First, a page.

Get to know Penrith’s sake brewery
- Written by Jane Ewings Penrith City Council (02) 4732 7777 (02) 4732 7958 email@example.com https://www.penrithcity.nsw.gov.au 601 High St Penrith NSW 2750 Australia
Sun Masamune exports sake to Japan from the banks of the Nepean River.
In a picturesque pocket of Penrith just a few short metres from the Nepean River, and with the sound of the running rapids and bluebirds in the distance, you’ll find Sun Masamune sake brewery. Yes, Penrith has a sake brewery. It’s Australia’s only sake brewery and it exports sake across the globe including to Japan – the sake capital of the world.
We know what you’re thinking; if the sake experts in Japan are swilling sake that’s been made in Australia, then it must be pretty good. And you’re right! Sun Masamune has been producing sake in Penrith for the past 30 years, so they know what they’re doing. Using the very latest in sake production technology, Sun Masamune creates high quality sake under the Go Shu brand.
Go Shu sake is the only sake in the world that’s made with Australian water and rice. These two-key elements set it apart from other brands of sake, and elevates the flavour to a whole new level. The Australian ingredients gives the sake a softer, more rounded finish compared to Japanese sake which can be crisp and sharp.
The Go Shu range of sake products is enjoyed in homes, restaurants and bars across Australia and the world. If you’re starting to feel like you’re the only one not on board the sake train, don’t worry. We’re here to make sure you know all about the many uses and benefits of sake:
- Sake contains 20 different kinds of amino acids. Three of these amino acids (valine, isoleucine and leucine) are known to prevent muscle fatigue and pain. So sake is an ideal beverage to enjoy after a hard day’s work or even after your workout.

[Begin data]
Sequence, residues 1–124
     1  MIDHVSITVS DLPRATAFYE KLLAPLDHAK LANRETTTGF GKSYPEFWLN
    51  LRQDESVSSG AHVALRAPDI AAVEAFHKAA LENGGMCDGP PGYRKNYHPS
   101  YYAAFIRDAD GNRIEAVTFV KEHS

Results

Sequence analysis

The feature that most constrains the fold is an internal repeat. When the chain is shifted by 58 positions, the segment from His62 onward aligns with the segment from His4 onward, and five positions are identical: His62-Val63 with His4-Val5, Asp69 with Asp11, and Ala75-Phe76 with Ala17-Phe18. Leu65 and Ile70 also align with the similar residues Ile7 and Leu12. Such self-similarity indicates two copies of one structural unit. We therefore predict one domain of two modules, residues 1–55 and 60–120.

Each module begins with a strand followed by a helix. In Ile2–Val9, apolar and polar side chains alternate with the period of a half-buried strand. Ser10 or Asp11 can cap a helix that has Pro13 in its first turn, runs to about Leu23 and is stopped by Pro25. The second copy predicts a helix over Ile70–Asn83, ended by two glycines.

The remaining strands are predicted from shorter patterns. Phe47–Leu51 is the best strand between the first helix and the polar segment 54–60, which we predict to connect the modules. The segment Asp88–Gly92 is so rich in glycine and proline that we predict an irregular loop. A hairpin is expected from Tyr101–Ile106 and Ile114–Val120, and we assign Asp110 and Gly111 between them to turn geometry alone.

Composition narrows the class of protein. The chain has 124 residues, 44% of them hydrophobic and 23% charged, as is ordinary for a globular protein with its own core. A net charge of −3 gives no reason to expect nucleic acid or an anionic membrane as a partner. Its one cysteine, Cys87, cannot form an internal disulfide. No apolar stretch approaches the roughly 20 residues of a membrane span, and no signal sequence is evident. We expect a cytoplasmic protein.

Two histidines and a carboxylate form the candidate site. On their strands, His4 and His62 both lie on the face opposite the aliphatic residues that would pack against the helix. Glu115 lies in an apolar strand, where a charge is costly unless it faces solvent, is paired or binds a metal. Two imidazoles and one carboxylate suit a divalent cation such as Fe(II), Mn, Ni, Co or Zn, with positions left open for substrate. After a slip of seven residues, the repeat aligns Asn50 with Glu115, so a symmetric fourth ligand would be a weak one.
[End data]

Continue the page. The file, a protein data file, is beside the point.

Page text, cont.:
- The amino acids in sake have many health benefits. They can prevent cancer and trigger brain function, prevent cirrhosis, osteoporosis, and lower cholesterol and slow the ageing process.
- In addition to other Japanese seasonings such as mirin, soy sauce, dashi and miso, sake can be used in cooking to open up a whole new realm of flavour. Next time you have a recipe that calls for the use of wine, including sauces and marinades, try swapping for sake instead.
- Sake has the same alcohol content as wine (15%) but you’re less likely to get a hangover after consuming sake because it has lower acidity and contains no sulphites, preservatives or histamines.
- Sake is a gentle and delicate mixer, easily blending an earthy dry, delicate flavour to any traditional cocktail. Why not try replacing spirits with sake in your next cocktail?
- The Japanese sake brewers who spend much of their time handling rice have long been renowned for their silky, soft hands. Known as Nuka, the white rice bran by-product of sake is rich in vitamins, minerals, proteins and essential oils and is said to have a wide variety of skin benefits.
- One bottle of sake takes approximately 4-5 months to produce. This includes 2 months of processing, and 2-3 months to allow for ageing/maturation before it’s bottled, packaged and shipped.
- The Japanese characters for Go-Shu have a double meaning: when written they mean Australian Sake, but phonetically they mean Australia.
- Sake has had an important role throughout the evolution of Japanese society. In early times, sake drinking was an integral part of celebrating the harvest and was offered to the gods when praying for peace and prosperity.
- Sake is a very versatile drink… it can be served at room temperature, chilled, warmed or diluted and can be enjoyed either mixed or alone but preferably not on your own. KAMPAI!
Sun Masamune is open weekdays only. You can purchase products online or from their cellar door, and tours of the brewery can be arranged. Bookings are required.